• Demographic changes, an ageing workforce and a lack of new recruits will require better promotion of the industry and a continued increase in the employment of migrant workers.

The current and future skills that will become increasingly important at high and intermediate level are:

  • Communication
  • Literacy
  • Planning and organisation
  • Computing and IT
  • Customer relations
  • Numeracy
  • Environmental management
  • Technical and practical
  • Wildlife management

An increase in logistics and planning staff will be required with a higher level of ICT and planning skills. Critical shortage exists in: young recruits to all occupations; managers with practical/technical experience; and craft workers including tree climbers, planting teams, chainsaw and machine operators.

National and regional data:

  • East Midlands – There are an estimated 900 employees in the regional workforce, in around 700 businesses. Within the East Midlands forestry industry, the drive to develop economically viable and well managed woodlands is leading to the development of alternative uses of forestry products, e.g. renewable energy sources and the use of woodlands for other activities such as education, health and leisure. This requires additional skills for both woodland owners and those managing woodlands.
  • London – There are an estimated 300 trees and timber businesses in the region.
  • North East – There are an estimated 2,100 employees in the regional workforce, in around 600 businesses. The industry is a significant employer in the region.
  • South West – There are an estimated 2,700 employees in the regional workforce, in around 1,000 businesses. The region has one fifth of England’s woodland. Within the South West forestry industry, the drive to develop economically viable and well managed woodlands is leading to the development of alternative uses of forestry products, e.g. renewable energy sources and the use of woodlands for other activities such as education, health and leisure. This requires additional skills for both woodland owners and those managing woodlands.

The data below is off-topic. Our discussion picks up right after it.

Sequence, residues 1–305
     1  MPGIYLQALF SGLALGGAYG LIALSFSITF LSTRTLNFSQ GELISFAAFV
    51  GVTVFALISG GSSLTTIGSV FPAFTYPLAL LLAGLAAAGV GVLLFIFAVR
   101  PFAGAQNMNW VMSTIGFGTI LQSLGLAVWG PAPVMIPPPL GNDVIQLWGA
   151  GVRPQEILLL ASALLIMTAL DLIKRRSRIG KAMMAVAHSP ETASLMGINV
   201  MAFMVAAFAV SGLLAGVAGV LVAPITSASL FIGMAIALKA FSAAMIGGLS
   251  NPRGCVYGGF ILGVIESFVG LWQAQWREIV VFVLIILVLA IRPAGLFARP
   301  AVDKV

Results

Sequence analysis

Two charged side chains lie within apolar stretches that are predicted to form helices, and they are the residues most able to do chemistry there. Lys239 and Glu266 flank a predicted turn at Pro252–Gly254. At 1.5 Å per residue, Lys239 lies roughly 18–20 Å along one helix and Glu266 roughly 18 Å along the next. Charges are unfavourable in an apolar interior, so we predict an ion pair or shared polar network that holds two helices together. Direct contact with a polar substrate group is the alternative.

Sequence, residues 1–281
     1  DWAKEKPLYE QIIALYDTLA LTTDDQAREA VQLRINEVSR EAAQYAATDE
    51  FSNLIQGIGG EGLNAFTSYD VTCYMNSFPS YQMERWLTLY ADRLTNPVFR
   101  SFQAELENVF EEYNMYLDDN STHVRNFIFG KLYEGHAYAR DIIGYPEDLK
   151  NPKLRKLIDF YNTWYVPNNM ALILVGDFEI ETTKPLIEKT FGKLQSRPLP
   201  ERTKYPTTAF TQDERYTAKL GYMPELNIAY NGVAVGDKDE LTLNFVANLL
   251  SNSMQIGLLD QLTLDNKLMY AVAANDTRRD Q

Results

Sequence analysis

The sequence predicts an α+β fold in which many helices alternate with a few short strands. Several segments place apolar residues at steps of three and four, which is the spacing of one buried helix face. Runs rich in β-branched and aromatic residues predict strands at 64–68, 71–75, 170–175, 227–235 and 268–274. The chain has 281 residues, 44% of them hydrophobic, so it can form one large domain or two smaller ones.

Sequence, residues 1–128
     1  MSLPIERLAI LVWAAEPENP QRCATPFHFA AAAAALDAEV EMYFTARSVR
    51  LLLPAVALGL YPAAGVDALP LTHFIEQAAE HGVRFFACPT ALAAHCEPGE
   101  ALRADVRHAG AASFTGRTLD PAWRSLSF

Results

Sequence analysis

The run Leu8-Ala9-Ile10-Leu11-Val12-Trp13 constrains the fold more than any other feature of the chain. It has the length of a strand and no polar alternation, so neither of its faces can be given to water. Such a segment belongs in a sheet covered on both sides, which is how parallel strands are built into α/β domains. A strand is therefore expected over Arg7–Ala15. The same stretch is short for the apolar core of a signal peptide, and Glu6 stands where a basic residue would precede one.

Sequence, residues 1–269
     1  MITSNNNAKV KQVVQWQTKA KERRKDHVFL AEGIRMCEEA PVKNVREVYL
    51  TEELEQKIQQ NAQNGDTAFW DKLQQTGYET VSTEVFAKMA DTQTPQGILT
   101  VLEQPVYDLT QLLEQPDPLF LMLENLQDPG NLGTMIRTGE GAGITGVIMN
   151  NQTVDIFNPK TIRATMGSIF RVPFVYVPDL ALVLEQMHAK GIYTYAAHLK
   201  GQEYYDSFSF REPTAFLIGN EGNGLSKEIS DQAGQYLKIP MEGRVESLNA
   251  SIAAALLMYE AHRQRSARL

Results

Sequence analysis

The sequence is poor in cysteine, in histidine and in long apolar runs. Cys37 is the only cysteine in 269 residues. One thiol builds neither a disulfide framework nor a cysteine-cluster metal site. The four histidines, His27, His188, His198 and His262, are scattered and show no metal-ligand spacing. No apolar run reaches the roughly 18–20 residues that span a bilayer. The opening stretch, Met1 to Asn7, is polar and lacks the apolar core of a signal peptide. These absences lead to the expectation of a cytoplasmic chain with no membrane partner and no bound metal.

• Yorkshire and the Humber – There are an estimated 1,800 employees in the regional workforce.

[N.B. The following employment and business estimates exclude the arboriculture activities of the industry.]

  • East of England – There are an estimated 2,223 employees in the regional workforce, in around 433 businesses.
  • North West – There are an estimated 1,583 employees in the regional workforce, in around 400 businesses.
  • South East – There are an estimated 3,721 employees in the regional workforce, in around 705 businesses.
  • West Midlands – There are an estimated 1,254 employees in the regional workforce, in around 355 businesses.
  • Northern Ireland – There are an estimated 220 employees in the regional workforce, in around 32 businesses.
  • Wales – There are an estimated 2,147 employees in the regional workforce, in around 100 businesses.
  • Scotland – There are an estimated 4,081 employees in the regional workforce, in around 208 businesses.

Pay scales in this industry are variable, so the following only provides an indication of the average annual salary paid to some full-time positions: forestry managers £29,861; and forestry workers £19,535. Further information on salaries can be found on the Defra website.

Source: Lantra AACS LMI report 2010